The bill extended the visa program, but did not authorize additional visas, and narrowed eligibility for them.

A bipartisan group of lawmakers, led by Rep. Seth Moulton (D-Mass.), an Iraq veteran, successfully stripped the bill of the language on new restrictions.

The fight over the visas is expected to come to a head when the Senate takes up its version of the defense bill in coming weeks.

Shaheen and McCain on Thursday introduced an amendment to the National Defense Authorization Act that would increase the number of the visas by 4,000.

The move came after they were blocked from adding the visas to the bill before the Senate Armed Services Committee's markup by Grassley. His committee has jurisdiction over immigration visas.

"Under the circumstances, the Judiciary Committee, which is the committee of jurisdiction, didn’t have enough information to determine if an increase was necessary or prudent since there are thousands of unused visas already allotted to the program," said Judiciary Committee spokeswoman Beth Levine.

Levine said Grassley has requested additional information about the visa program from the State Department and U.S. Citizenship and Immigration Services, but has not yet received any of the requested information from USCIS.

She also cited a lack of evidence showing the Afghans were facing threats, and questions about their entitlement to benefits should they become Lawful Permanent Residents, the current number of unused visas and the price tag of $446 million over 10 years, according to the Congressional Budget Office.

Zeller told The Hill he met with majority staff members of the Judiciary Committee and Grassley's office on Thursday, who allegedly told him that Sessions was behind the block, and that the chairman was acting on his behalf.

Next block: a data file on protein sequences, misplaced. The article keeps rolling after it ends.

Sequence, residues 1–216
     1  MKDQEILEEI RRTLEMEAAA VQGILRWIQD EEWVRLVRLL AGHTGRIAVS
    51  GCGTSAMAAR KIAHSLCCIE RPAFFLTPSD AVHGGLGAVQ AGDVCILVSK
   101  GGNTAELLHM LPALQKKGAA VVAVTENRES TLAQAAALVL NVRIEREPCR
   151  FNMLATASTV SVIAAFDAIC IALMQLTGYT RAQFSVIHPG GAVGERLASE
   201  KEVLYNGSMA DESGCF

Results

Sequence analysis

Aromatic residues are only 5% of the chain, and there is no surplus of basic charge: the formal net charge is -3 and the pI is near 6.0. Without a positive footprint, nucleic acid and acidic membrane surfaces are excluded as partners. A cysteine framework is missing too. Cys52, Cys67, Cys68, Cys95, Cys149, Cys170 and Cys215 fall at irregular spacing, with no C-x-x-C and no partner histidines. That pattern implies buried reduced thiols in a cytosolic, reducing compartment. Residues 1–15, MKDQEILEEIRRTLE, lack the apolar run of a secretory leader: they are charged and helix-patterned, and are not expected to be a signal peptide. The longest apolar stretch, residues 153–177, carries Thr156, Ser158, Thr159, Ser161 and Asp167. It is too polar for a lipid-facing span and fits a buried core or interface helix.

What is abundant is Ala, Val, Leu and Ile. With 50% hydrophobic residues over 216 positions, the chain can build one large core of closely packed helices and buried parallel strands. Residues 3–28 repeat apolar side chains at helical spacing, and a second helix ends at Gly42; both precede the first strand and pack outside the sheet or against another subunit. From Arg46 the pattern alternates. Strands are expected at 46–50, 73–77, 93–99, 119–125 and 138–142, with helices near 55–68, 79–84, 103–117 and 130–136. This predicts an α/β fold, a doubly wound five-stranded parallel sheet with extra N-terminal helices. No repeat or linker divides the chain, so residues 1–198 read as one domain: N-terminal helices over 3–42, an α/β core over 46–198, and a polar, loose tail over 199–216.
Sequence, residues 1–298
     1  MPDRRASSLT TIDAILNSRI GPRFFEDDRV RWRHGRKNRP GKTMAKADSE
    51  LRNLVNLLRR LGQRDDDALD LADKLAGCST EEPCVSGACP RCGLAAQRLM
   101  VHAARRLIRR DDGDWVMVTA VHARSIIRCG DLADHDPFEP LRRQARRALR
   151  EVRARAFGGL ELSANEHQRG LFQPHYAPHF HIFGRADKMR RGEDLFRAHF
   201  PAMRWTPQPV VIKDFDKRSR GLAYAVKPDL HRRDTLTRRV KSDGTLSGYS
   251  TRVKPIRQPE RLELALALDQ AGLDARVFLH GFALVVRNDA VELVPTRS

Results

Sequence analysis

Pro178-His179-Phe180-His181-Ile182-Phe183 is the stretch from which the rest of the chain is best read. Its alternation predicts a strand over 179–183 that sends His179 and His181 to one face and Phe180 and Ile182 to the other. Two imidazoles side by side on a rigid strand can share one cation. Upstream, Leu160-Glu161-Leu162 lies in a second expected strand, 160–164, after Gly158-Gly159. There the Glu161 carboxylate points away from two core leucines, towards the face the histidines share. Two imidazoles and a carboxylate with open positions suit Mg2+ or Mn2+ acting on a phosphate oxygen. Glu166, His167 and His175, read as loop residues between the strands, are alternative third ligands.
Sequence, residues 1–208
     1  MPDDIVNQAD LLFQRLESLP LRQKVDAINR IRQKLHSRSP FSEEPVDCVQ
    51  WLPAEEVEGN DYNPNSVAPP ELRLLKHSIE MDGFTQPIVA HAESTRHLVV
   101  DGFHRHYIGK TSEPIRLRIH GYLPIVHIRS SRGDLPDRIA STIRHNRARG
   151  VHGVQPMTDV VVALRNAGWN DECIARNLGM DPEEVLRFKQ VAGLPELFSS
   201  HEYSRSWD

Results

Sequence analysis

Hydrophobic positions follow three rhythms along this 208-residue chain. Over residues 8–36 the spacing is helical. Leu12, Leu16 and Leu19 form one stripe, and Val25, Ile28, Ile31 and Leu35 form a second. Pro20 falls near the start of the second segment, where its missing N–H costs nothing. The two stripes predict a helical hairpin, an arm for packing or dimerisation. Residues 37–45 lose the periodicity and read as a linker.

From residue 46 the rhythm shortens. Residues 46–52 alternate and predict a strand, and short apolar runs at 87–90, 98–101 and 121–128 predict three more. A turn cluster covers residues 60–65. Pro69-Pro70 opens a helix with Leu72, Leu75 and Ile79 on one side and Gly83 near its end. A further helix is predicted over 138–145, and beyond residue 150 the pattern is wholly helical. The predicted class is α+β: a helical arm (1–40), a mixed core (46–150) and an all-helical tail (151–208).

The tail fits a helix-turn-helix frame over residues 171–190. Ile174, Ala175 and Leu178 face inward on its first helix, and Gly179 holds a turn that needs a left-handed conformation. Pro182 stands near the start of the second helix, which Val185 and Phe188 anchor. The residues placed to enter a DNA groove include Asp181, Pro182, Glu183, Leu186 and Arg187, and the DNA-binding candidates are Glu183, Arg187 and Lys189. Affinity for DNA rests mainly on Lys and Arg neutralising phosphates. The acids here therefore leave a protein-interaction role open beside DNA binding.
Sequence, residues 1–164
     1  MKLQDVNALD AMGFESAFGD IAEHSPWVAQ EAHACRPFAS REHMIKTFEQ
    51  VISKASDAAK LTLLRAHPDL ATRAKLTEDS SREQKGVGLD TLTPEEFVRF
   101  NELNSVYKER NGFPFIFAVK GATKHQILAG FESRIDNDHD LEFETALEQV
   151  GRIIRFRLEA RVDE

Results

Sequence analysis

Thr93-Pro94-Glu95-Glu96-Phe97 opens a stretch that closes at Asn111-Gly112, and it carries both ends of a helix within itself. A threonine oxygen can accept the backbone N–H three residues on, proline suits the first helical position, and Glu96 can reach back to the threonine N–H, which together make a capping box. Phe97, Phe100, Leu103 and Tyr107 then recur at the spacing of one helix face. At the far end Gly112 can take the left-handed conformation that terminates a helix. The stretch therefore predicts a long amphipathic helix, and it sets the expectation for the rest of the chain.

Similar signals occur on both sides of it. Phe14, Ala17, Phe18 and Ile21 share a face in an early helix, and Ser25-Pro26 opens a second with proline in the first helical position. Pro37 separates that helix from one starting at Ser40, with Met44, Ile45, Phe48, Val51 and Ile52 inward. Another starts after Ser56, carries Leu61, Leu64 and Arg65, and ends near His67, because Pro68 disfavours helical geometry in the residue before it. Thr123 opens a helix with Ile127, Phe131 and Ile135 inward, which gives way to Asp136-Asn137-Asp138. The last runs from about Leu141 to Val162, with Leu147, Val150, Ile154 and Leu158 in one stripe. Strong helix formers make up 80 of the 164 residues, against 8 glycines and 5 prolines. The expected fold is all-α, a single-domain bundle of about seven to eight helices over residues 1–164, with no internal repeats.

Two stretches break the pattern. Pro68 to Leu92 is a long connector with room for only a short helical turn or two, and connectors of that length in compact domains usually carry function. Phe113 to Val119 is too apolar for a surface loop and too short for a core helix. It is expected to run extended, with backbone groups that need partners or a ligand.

"They said to me, looked me in the eye and said, 'Look, one of our members' -- and they said Sessions -- 'on the committee raised an issue concerning immigration to the chairman, and the chairman on his behalf has taken up this issue,'" he said.

Sessions' office did not respond to repeated requests for comment from The Hill.

In a recent Washington Post piece, though, Sessions cited the cost of the program, said it wasn't clear more visas were needed, and cautioned it could lead to a brain-drain in Afghanistan.

“We just need to be careful about this,” he told the Post. “Just because you’ve got applicants doesn’t mean every one of them is deserving of acceptance.”

Zeller said Grassley has offered Shaheen and McCain a deal -- that any increase in visas for Afghans would be matched by a decrease in visas for another category of immigrants.

Zeller said the offer is a "non-starter" with both Shaheen and McCain.

"I will not stand by while Congress turns its back on these individuals and imperils our ability to secure this kind of support in the future," Shaheen said in a statement. "I urge my colleagues in the Senate to support my amendment and those who have done so much for this country." 

Zeller warns that if the U.S. does not authorize more visas, it could deter Afghans from helping U.S. troops who are currently serving in Afghanistan. 

That assertion was backed up by Army Lt. Gen. John Nicholson, the top U.S. commander in Afghanistan. 

“Failure to adequately demonstrate a shared understanding of their sacrifices and honor our commitment to any Afghan who supports the International Security Assistance Force and Resolute Support missions could have grave consequences for these individuals and bolster the propaganda our enemies,” Nicholson wrote in a May 20 letter to McCain, according to the Post.

"This is hurting guys. This is leading to a lot of guilt," Zeller said. "The only thing that we need to do to correct this is the courage and conviction to do the right thing."